March 2nd, 2015
in Op Ed
by Michael Grogan, First Class Analytics
In an effort to bring the budget deficits of EU member countries down to a sustainable level, the European Commission has recently been placing significant pressure on France to reduce its deficit to a level of 4% by the end of 2015.
Ultimately, the goal is for France to reach a budget deficit of 2.8% by the end of 2017, which would bring the country below the generally accepted EU restriction of 3% of overall Gross Domestic Product.
Indeed, France has taken measures to attempt to bring down its budget deficit. However, where the EU and France differ is the pace at which this should be achieved. For instance, Paris has set out slightly different guidelines than that being imposed by the EU, with a target of reducing the budget deficit to 4.1 percent of GDP this year, and further down to a level of 3.6 percent in 2016 (in contrast to the level of 3.4 percent set by Europe). In their own words, the European Commission has set the following guidelines for France (the full council recommendation can be read here):
- "France should put an end to the present excessive deficit situation by 2017 at the latest".
- "France should reach a headline deficit of 4.0 % of GDP in 2015, 3.4 % of GDP in 2016 and 2.8 % of GDP in 2017, which is consistent with delivering an improvement in the structural balance of 0.5 % of GDP in 2015, 0.8 % of GDP in 2016 and 0.9% of GDP in 2017. This would require additional measures of 0.2 % of GDP in 2015, 1.2 % of GDP in 2016 and 1.3% of GDP in 2017 based on the extended Commission 2015 winter forecast".
- "France should fully implement the already adopted measures for 2015 and ensure, by end April 2015, an additional fiscal effort as stipulated in paragraph (2). This would require the specification, adoption and implementation of additional structural discretionary measures equivalent to 0.2% of GDP to close the gap with the recommended improvement in the structural balance of 0.5 % of GDP for 2015".
This particular situation is quite notable, as we have seen that up till recently it was peripheral nations such as Greece, Ireland, and Portugal among others that were under persistent pressure to reduce their share of budget deficits. So, how will such austerity measures impact France going forward? In answering this question, it helps to put the economic performance of France in context with the rest of its European peers:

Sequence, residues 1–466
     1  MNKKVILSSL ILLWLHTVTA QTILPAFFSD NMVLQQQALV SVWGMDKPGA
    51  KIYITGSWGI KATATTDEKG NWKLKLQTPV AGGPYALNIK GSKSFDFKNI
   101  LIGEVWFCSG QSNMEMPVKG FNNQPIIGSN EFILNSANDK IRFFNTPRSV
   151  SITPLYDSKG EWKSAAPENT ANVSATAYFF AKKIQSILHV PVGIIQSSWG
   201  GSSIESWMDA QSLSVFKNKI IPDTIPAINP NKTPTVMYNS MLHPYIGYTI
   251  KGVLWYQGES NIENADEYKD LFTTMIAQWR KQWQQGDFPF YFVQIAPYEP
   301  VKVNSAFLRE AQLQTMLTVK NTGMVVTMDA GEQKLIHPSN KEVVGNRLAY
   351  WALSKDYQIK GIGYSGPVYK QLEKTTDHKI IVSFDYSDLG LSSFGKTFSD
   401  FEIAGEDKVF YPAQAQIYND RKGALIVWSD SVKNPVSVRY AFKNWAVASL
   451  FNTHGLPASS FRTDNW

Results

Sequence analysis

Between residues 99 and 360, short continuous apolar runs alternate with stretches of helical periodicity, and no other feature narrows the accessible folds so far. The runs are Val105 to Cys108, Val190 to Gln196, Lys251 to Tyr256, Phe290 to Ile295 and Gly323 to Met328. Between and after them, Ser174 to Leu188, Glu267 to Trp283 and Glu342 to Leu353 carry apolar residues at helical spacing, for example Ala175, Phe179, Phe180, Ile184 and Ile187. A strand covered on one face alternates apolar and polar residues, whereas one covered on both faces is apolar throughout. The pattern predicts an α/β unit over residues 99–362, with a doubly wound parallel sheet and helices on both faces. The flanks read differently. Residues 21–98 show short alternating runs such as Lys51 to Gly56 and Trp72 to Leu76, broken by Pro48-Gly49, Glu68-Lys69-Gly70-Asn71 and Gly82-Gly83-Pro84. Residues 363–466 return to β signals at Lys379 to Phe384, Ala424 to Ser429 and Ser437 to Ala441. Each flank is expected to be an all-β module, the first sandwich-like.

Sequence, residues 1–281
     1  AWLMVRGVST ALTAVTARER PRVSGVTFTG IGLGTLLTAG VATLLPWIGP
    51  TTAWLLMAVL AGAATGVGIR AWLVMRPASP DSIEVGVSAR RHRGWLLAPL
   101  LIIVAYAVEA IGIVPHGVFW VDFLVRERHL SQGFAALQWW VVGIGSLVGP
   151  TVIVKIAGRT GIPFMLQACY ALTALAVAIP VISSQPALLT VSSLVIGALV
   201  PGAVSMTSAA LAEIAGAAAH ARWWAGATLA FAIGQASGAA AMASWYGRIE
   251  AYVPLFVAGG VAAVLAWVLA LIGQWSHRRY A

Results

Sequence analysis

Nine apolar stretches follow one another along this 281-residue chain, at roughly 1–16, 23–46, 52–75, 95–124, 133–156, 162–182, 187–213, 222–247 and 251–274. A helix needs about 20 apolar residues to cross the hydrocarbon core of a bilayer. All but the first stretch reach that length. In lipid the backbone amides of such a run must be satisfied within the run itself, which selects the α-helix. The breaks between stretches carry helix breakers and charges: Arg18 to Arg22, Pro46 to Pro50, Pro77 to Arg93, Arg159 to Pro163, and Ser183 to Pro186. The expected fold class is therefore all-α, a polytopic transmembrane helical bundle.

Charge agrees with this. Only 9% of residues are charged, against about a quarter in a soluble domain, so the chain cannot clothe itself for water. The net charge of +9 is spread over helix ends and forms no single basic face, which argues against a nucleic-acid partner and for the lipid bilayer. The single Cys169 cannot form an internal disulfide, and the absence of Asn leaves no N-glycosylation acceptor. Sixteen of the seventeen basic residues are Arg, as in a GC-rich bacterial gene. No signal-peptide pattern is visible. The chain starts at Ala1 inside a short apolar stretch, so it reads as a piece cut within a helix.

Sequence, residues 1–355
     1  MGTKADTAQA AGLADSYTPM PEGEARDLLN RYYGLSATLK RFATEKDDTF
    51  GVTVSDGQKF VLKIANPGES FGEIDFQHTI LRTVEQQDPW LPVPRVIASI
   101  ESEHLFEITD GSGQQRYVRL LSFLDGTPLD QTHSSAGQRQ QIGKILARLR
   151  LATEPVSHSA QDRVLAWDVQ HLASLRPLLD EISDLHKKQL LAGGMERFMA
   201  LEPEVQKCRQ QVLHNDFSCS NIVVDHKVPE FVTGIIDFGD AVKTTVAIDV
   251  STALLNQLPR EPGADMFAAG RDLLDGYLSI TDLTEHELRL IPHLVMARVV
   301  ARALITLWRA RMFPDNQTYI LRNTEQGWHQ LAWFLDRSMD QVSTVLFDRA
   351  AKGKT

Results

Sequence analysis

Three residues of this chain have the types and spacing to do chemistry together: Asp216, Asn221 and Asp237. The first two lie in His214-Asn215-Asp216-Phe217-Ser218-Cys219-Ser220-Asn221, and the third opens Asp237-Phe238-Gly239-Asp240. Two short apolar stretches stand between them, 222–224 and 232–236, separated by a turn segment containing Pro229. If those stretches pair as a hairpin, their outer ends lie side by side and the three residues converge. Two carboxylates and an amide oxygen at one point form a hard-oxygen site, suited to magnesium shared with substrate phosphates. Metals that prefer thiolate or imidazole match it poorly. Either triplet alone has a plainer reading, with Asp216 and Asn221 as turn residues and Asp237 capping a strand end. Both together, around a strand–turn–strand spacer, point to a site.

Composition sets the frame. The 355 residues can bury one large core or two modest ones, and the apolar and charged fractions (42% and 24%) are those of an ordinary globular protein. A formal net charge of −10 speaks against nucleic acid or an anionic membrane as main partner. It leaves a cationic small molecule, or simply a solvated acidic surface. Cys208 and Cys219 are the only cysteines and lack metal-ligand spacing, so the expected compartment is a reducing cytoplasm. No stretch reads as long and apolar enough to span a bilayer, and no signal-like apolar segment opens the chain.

From the above bar chart, there are a few interesting insights. Firstly, the budget deficits of countries such as Greece, Portugal and Spain are significantly higher than that of France. In addition, we can also see that year-on-year GDP growth in those countries is quite high in comparison to France - in fact we can see that France has the second lowest rate of GDP growth behind Italy. Additionally, France, along with several other countries in the Eurozone has slipped into deflation. In this regard, I am concerned that the Eurozone may be overly targeting France in attempting to reduce the Eurozone deficit as a whole. France, along with Germany is one of the largest economies in Europe and a higher rate of cuts in government spending along with tax increases could lead to a worsening of what is already a lower rate of GDP growth in France. Deflationary trends across the Eurozone have already hampered growth across the continent, and a slowdown in growth by one of Europe's largest economies could have greater ramifications for the wider European Economic Area.
For instance, we can see that Greece has a higher rate of GDP growth than that of France - yet it has been agreed that the bailout terms for Greece will be extended by a further four months, with the EU Commission claiming Greece's plan to be "sufficiently comprehensive". Note that I do not disagree with such a decision by Europe per se; markets have reacted positively to this news as Greece has reaffirmed its commitments to austerity in response to the extension. However, I am concerned that Europe may be prioritising growth in peripheral areas over that of larger economies like France. Should this be the case, then an economic slowdown in France will negatively impact both core and peripheral European economies alike.
To conclude, economic growth in France has remained quite low compared to that of the wider Euro area and several peripheral countries. While the European Commission has set clear targets for France to reduce its budget deficit, this must be done in a careful manner to ensure that GDP growth and deflation does not fall further - a slowdown in France could mean bad news for wider Eurozone growth.